Pornhub

Pornhub, the very NSFW adult site where users can upload their own porn, winds up inadvertently hosting a lot of the Internet's so-called 'revenge porn.' And if you're a victim of revenge porn, getting those videos taken down is often a major pain. But today Pornhub announced what it's calling an "preemptive strike" against involuntary porn: a newly streamlined process that makes it easier to request non-consensual pornography be taken down.

Pornhub is only the latest company to step up its efforts to crack down on revenge porn. Over the past year, Google announced it would at long last remove non-consensual nude images from search results and Reddit, Twitter and Facebook all announced a ban on revenge porn, too. More than 20 states now have laws on the books making revenge porn a crime and California Congresswoman Jackie Speier plans to introduce a federal law to ban revenge porn nationally.

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Pornhub, which has 60 million visitors a day, said last year in a Reddit AMA that it "very often" receives revenge porn take-down requests. Previously, requesting a video be removed required a victim to send an e-mail to the site. As of today, Pornhub now has a specific form (NSFW) that victims of revenge porn can fill out to request a video be taken down. Unlike other major porn websites, Pornhub won't require government ID to request a video to be taken down, allowing anyone to anonymously report a video. The company said this will make the process more efficient and effective.

"Being a revenge porn victim is embarrassing enough as it is. We would rather not make the reporting process equally awkward, or make people feel apprehensive about approaching us to begin with," Pornhub Vice President Corey Price told The Verge.

In a statement, Pornhub said it's "looking to end the cyber exploitation of innocent individuals."

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But allowing victims to more easily request non-consensual pornography be taken offline seems like a far cry from a "preemptive strike." By the time victims find out that their nude images are online, often they have spread far beyond the original source.

"Porn sites that do not take affirmative steps to verify that the material they feature is consensual, or promote nonconsensual porn fetishes (e.g. "ex-girlfriend," "voyeur," "hidden camera") are complicit in the creation of and demand for this material," Mary Anne Franks, a University of Miami law professor who has advocated for making revenge porn illegal, told me via e-mail.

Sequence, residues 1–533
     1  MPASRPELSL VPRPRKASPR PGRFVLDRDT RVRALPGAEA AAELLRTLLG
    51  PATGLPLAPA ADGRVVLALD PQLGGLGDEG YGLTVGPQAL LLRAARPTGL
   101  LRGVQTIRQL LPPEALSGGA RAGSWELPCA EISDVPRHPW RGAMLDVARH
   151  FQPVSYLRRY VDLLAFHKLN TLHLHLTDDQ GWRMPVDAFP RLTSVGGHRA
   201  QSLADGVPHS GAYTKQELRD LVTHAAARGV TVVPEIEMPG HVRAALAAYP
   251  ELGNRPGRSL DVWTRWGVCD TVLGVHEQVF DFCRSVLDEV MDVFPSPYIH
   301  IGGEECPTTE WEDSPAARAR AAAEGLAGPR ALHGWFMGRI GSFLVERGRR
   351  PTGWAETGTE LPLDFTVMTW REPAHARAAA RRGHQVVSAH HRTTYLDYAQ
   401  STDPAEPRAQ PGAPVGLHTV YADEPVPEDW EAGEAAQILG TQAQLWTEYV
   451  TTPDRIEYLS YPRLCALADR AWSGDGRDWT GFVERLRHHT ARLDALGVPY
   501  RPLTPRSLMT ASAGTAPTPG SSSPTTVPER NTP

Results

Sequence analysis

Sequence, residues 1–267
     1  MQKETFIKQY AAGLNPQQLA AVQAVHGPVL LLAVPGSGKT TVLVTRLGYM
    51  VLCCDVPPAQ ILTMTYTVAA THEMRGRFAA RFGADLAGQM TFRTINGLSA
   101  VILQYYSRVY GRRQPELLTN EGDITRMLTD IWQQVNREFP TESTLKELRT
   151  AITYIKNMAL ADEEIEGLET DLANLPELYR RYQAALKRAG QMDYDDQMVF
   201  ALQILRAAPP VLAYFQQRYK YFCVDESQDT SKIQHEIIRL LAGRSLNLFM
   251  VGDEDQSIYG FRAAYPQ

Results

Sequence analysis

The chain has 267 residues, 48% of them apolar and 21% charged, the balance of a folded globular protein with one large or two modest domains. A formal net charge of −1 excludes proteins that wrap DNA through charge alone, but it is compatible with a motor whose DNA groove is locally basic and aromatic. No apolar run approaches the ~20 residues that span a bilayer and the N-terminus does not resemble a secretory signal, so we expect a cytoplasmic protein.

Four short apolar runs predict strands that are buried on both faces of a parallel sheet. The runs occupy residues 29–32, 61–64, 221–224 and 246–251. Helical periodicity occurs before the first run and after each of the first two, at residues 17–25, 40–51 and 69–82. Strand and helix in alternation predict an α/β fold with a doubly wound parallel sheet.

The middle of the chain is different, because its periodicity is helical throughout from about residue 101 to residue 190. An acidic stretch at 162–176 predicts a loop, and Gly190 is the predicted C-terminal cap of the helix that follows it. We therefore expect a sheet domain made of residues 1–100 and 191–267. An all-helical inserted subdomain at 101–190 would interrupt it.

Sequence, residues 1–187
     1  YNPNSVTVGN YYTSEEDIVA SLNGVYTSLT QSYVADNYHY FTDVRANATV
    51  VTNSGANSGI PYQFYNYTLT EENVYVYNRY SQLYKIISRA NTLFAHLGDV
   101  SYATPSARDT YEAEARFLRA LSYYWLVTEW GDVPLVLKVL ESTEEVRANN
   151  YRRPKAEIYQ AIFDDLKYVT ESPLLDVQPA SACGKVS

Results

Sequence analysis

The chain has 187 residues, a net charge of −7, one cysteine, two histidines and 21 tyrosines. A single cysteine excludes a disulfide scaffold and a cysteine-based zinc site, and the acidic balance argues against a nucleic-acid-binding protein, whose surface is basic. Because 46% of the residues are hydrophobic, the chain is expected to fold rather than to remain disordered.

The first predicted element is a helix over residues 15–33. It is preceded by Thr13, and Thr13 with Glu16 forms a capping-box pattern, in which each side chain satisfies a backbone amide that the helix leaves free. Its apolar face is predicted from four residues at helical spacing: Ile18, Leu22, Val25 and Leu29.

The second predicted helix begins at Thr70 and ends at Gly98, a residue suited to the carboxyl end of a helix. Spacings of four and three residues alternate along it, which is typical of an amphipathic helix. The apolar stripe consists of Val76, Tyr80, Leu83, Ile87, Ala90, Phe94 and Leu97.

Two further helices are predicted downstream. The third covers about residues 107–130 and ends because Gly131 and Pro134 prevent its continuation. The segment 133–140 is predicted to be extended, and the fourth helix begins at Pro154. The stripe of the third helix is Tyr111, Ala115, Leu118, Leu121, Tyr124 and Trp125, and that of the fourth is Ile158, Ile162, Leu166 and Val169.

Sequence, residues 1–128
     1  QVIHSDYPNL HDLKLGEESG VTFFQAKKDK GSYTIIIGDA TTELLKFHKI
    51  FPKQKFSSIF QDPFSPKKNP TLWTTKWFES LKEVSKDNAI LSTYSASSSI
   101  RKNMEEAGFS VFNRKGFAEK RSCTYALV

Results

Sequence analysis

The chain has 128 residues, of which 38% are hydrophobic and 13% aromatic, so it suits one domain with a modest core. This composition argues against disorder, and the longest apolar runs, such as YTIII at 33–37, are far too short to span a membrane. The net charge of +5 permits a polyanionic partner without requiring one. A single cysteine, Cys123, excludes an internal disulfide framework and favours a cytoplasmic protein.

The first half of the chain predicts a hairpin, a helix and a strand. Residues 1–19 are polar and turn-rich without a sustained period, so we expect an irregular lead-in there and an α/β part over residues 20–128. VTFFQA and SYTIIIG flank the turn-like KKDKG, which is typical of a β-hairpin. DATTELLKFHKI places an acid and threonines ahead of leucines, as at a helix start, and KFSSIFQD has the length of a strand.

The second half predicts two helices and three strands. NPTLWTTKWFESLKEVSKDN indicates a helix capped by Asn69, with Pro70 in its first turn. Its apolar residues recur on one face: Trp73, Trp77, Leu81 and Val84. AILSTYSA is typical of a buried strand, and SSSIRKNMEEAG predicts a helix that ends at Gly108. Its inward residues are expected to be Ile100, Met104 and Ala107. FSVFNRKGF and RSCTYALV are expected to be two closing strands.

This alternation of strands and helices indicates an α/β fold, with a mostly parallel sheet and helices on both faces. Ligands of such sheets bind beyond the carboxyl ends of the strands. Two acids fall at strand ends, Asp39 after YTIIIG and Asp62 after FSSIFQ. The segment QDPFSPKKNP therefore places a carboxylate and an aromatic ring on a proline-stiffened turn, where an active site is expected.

A report issued this summer by the Information Technology and Innovation Foundation called for not only a federal ban of revenge porn, but the creation of a special FBI unit that would help revenge porn victims and put pressure on tech companies to develop best practices for quickly removing law-violating content from their sites.

“Despite the seriousness of the problem, victims have inadequate means available to fight back,” the report said. “Most victims cannot easily stop the spread of the images or take action against the perpetrator. Indeed, many of these images remain online forever.”

Perhaps Pornhub could go one step further, reminding users that revenge porn is not allowed on the site every time they upload a video.

"What any responsible company should do if it cares about the scourge of 'revenge porn' is take steps to verify that sexually explicit material is consensual before it is made available to the public," Franks said. She suggested requiring users to check a box verifying consent from anyone featured in the video or showing a message reminding users that nonconsensual pornography is now a crime in many states

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In truth, though, the only thing that will probably stop revenge porn from making its way online is making it very, very illegal.